Analysis of the 'Up on your Feet' Passage from Dante's Inferno, and How It Relates to the Overall Theme of the Book

Analysis of the 'Up on your Feet' Passage from Dante's Inferno, and How It Relates to the Overall Theme of the Book

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How can any person say for sure what life after death will be? It is the greatest mystery of human intellect so far. Man can only speculate about what will possibly happen after death. There are many different ideas that have appeared throughout the years. The Ancient Greeks believed in the underworld, where all souls went after death, and where they were watched over for eternity by Hades, or Pluto, god of the underworld. Before them, primitive people believed in gods of the Earth. After the time of the Greek Olympians passed came the time of Christian Doctrine, and the rise of the Roman Catholic Church. One text from this time gives reason to be a believer and gives reason for one to repent their sins. Dante’s Inferno has lasted the test of time, and though its writer didn’t necessarily believe this to be the true representation of Hell, he shows the world what his personal Hell would consist of. Throughout the text, Dante the Pilgrim is lead through Hell by one of the greatest poets the world has known, and Dante’s personal motivation for becoming a poet, Virgil. At one point, toward the end of their journey, when the pair reaches one of the lowest levels of Hell, Dante feels as if he can travel no more. He sinks to the ground in despair. This angers his guide, who reprimands Dante. The passage known as the “Up on Your Feet” passage is directly related to the overall theme of Dante’s Inferno, in several different ways.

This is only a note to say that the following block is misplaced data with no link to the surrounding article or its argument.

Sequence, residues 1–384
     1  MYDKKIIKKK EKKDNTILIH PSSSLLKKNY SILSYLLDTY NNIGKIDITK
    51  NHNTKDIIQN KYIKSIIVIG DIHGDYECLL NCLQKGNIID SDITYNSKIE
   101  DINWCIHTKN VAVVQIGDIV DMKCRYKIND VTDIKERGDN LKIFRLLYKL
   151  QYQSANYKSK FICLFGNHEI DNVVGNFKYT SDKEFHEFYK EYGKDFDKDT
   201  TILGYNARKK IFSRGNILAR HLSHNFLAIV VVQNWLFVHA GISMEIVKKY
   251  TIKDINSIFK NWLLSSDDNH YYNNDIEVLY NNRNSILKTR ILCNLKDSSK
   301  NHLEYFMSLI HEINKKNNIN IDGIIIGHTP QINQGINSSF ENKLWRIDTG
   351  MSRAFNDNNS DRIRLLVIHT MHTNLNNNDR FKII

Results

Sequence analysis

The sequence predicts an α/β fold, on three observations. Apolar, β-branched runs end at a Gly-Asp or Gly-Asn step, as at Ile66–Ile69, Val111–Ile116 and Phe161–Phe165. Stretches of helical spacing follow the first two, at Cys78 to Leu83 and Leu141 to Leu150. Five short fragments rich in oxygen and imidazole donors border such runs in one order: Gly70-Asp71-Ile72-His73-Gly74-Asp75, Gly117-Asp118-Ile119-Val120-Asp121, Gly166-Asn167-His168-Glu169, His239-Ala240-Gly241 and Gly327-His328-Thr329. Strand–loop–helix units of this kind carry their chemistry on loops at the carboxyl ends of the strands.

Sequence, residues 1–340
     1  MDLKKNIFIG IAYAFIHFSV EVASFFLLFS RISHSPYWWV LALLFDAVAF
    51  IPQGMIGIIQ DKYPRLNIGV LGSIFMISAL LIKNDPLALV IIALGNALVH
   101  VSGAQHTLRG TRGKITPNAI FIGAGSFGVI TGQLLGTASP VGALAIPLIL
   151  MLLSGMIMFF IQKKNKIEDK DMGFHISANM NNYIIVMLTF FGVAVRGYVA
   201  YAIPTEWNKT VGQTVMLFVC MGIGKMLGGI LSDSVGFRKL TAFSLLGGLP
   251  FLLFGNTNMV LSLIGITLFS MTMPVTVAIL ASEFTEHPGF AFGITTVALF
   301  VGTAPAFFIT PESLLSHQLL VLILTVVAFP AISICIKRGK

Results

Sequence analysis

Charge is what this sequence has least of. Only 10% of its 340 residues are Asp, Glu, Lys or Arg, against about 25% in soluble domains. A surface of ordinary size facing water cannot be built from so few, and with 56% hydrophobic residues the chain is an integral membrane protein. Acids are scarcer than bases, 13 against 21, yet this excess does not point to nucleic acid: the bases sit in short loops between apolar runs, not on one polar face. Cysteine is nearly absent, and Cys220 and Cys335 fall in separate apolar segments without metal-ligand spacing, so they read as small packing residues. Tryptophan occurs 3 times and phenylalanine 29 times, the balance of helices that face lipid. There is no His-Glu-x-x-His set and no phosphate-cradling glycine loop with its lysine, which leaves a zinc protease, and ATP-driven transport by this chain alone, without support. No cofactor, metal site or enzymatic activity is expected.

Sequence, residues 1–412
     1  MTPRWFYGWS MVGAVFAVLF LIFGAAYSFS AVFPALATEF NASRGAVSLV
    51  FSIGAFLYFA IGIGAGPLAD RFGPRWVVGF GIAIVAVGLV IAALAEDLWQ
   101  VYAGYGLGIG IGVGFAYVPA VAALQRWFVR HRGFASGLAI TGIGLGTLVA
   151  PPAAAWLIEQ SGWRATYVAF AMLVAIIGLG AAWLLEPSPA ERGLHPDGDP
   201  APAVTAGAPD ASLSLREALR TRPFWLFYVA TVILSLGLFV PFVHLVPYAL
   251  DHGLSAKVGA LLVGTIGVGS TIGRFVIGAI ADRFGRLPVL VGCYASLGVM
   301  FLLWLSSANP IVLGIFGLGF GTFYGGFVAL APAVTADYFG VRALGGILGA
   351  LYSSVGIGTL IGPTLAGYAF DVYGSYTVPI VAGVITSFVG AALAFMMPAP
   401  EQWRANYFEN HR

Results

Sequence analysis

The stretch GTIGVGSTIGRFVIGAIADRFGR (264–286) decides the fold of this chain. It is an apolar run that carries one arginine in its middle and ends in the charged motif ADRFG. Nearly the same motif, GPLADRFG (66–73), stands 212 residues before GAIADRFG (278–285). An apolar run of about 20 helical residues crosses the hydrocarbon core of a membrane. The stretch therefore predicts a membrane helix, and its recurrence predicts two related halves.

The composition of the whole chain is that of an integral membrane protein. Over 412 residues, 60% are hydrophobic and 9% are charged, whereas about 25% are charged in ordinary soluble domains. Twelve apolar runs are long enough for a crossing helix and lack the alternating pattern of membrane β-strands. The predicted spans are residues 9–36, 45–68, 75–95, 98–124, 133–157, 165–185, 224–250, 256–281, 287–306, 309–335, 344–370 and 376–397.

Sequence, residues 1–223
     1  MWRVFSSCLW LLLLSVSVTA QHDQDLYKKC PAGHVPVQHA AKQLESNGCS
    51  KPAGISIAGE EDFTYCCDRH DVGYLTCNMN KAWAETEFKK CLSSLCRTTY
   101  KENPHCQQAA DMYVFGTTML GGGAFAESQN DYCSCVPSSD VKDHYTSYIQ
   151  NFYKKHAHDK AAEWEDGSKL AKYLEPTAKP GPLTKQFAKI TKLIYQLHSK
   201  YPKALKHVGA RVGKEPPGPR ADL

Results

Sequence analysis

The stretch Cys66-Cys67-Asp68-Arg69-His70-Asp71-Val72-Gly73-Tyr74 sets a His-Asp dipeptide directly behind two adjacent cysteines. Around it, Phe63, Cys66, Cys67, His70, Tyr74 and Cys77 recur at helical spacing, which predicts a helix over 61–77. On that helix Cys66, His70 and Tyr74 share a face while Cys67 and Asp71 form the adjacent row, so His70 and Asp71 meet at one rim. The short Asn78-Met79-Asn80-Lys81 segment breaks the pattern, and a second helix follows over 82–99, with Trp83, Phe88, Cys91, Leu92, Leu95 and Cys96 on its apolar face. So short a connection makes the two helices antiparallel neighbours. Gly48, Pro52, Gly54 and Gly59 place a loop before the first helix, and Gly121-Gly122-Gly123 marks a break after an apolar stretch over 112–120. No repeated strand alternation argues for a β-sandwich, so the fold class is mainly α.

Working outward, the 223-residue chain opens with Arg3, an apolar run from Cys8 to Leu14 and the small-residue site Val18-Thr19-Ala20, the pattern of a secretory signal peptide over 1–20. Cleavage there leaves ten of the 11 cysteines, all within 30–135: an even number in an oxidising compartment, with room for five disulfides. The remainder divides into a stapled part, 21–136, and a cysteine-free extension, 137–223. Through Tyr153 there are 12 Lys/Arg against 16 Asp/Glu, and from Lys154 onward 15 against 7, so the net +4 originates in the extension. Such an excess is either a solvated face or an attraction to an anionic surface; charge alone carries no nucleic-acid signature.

Dante tires after traveling through nearly seven of the nine circles of Hell, and Virgil becomes angry and impatient; his words to Dante reflect the overall theme of the Inferno. “‘Up on your feet! This is not time to tire!’ my master cried.” (Pg.207 line 46) Dante has ventured a long way into the pits of hell. ...

... middle of paper ... order and command my will, called to me.’” (Pg. 36 lines51-54) Virgil explains to Dante why he is to be guide through the underworld. So when Dante decides he is going to give up and venture no further into Hell, Virgil is angry. He doesn’t want Dante to waste the gift he has been given by one who loves him. “‘The man who lies asleep will never waken fame, and his desire and all his life drift past him like a dream, the traces of his memory fade from time like smoke in air, or ripples on a stream.’” (Pg.207 lines 47-51)
In review, Dante had to travel through Hell in order to save his soul from eternal damnation. His guide, Virgil, was not an angel, but was not technically in Hell either. He was in Limbo. He was sent to guide Dante by Beatrice, an angel of heaven who loved Dante. Dante’s straying from the path of righteousness set all of these events into motion.

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